Today I want to pause and take a direct look at one small but highly significant piece of recently proposed ACA implementation: health insurance premium variance based on tobacco banding. You may recall that the ACA's much vaunted promise to end both pre-existing condition exclusions and individual underwriting of insurance risk in many health insurance markets was designed to streamline -- both procedurally and financially -- access to health insurance for Americans.
There are some exceptions to the take all comers approach, however. In particular, it has always been contemplated that a certain amount of premium variance based on age and on the use of tobacco products would be permitted. Only recently, proposed rules on the insurance process known as banding have shown what is really meant by an acceptable amount of discrimination based on tobacco use. The ACA permits premiums to vary based on tobacco use by a factor of 1.5. And the premium supports available to low income individuals are not available for the tobacco use premium band bump.
What does this really mean for older low income tobacco users?
In a nutshell: quite a bit. The proposed approach on tobacco use banding allows health insurers considerable flexibility in determining how to band for tobacco use but the recently proposed rule contains one example of permissible tobacco use related banding that gave me pause. Under the proposed rule, insurers could apply a different -- and considerably lower -- surcharge for tobacco use on younger smokers than on older smokers. How different? We are talking a tobacco use premium of, say, a few dollars a month for younger tobacco users and several hundred dollars a month for older tobacco users.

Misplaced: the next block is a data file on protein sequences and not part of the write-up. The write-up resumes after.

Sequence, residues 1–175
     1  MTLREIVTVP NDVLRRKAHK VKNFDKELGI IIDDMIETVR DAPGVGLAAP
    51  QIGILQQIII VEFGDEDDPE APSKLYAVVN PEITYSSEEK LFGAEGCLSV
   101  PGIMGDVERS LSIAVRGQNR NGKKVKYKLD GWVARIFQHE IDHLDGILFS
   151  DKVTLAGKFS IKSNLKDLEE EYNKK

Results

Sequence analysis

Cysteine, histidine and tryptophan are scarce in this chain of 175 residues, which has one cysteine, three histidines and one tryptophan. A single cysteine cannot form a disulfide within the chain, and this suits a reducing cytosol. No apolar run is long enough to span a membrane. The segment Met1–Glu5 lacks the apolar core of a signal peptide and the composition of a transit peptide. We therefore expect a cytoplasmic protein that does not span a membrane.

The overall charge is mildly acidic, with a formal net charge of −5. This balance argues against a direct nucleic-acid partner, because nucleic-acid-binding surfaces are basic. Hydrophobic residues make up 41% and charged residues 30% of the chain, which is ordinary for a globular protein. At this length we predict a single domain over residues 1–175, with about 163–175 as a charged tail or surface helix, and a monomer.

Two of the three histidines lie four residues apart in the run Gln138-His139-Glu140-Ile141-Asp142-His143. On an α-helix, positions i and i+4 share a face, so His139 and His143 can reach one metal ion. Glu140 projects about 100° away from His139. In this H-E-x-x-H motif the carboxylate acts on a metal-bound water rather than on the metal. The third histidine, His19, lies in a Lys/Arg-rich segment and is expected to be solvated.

Several months ago, an interesting analysis by Rick Curtis and Ed Neuschler, projected that several hundred dollars of non-premium supported health insurance cost could knock a substantial number of older smokers into a very familiar kind of uninsurability known as unaffordability. This means an older low income smoker seeking insured status might find an un-subsidized tobacco premium surcharge of perhaps $4,000 a year, unaffordable. (Of course, were you an older low income citizen intent on evading the individual mandate you could take up smoking and game yourself into the exceeds 8% of houshold income exemption for the individual mandate.)
All of this makes some actuarial sense. Tobacco use has a long term fuse for its most expensive health effects.
All of this may not make the most public health sense, however. If higher unsubsidized premiums are designed to discourage tobacco use, there is little doubt that shorter term tobacco users have a higher success rate at quitting. Older smokers -- say a 57 year old male -- tend to be those with a pretty hard core addiction to nicotine, an addiction intensity not evenly distributed among the smoking population. There is recent evidence that some of the damage from long term smoking is more enduring than previously thought, even after complete cessation.
And the real irony is that Medicare has no tobacco use premium banding. Smoke your way to 65, for most Americans, is a perverse incentive indeed.
x posted at http://prawfsblawg.blogs.com/